A Time Magazine report of June of last year revealed that "The U.S. keeps an estimated 350 thermonuclear bombs in six NATO countries. In four of those — Belgium, Germany, Italy and the Netherlands — the weapons are stored at the host nation's air bases, where they are guarded by specially trained U.S. military personnel.
"A 'burden-sharing' agreement that has been at the heart of NATO military
policy since its inception.
"Although technically owned by the U.S., nuclear bombs stored at NATO bases are designed to be delivered by planes from the host country."
The bombs include B61-3, B61-4, and B61-10 nuclear weapons at eight different bases.
The B-61 in its latest variant, the 1997 Mod 11, is a thermonuclear gravity bomb and 180 are estimated to be stationed on European airbases under the NATO nuclear sharing arrangement. It is the standard contemporary American nuclear bomb.
The basing of nuclear arms in non-nuclear-weapon states with the further intent of their being used by warplanes of the latter under NATO "burden sharing" and "nuclear sharing" agreements runs afoul of the 1968 Treaty on the Non-Proliferation of Nuclear Weapons [Nuclear Non-Proliferation Treaty or NPT).
Article I of the Treaty states:
"Each nuclear-weapon State Party to the Treaty undertakes not to transfer to any recipient whatsoever nuclear weapons or other nuclear explosive devices or control over such weapons or explosive devices directly, or indirectly; and not in any way to assist, encourage, or induce any non-nuclear-weapon State to manufacture or otherwise acquire nuclear weapons or other nuclear explosive devices, or control over such weapons or explosive devices."
Article II continues:
"Each non-nuclear-weapon State Party to the Treaty undertakes not to receive the transfer from any transferor whatsoever of nuclear weapons or other nuclear explosive devices or of control over such weapons or explosive devices directly, or indirectly; not to manufacture or otherwise acquire nuclear weapons or other nuclear explosive devices; and not to seek or receive any assistance in the manufacture of nuclear weapons or other nuclear explosive devices."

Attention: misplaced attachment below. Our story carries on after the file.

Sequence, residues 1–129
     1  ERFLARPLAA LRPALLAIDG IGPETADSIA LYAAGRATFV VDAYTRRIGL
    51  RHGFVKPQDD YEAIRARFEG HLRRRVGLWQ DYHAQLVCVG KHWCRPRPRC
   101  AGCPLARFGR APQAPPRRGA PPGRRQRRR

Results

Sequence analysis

Five of the six NATO nations still hosting US nuclear weapons and obligated to deploy their own aircraft to use them if ordered to are non-nuclear-weapon states: Belgium, Germany, Italy, The Netherlands and Turkey.
Last June a spokesman for the Global Peace and Justice Coalition in the Turkish city of Adana, only a few kilometers from the Incirlik air base used for decades by the US and NATO, asserted that Incirlik contained the largest amount of US nuclear weapons outside the United States itself and "We have organized many protests for this base of war to be shut down and for the disarmament of the nuclear warheads. We do not wish to see Adana and Turkey becoming Hiroshima. We will not give up."
(Turkish Daily News, June 30, 2008)
In the same month a German federal official, Ulrich Wilhelm, stated that his nation was duty-bound to the use of nuclear arms as an alleged military deterrent and added, "For the foreseeable future....we remain of the view that a deterring military capacity includes not only conventional capacity but also nuclear components."
(Agence France-Presse, June 23, 2008)
Up to 20 US nuclear warheads are reportedly deployed at the German airbase in Buechel, where they can be mounted on German Tornado fighter planes for missions to the east. An additional 130 American warheads are suspected to be stored at the US airbase in Ramstein for similar purposes.
German peace groups and the Left Party have for years demanded the removal of the weapons and a nuclear-free Germany.
In December of 2007 the mayors of the Italian cities of Aviano and Ghedi, which both host dozens of US nuclear warheads, signed a petition demanding the abolition of all nuclear weapons.
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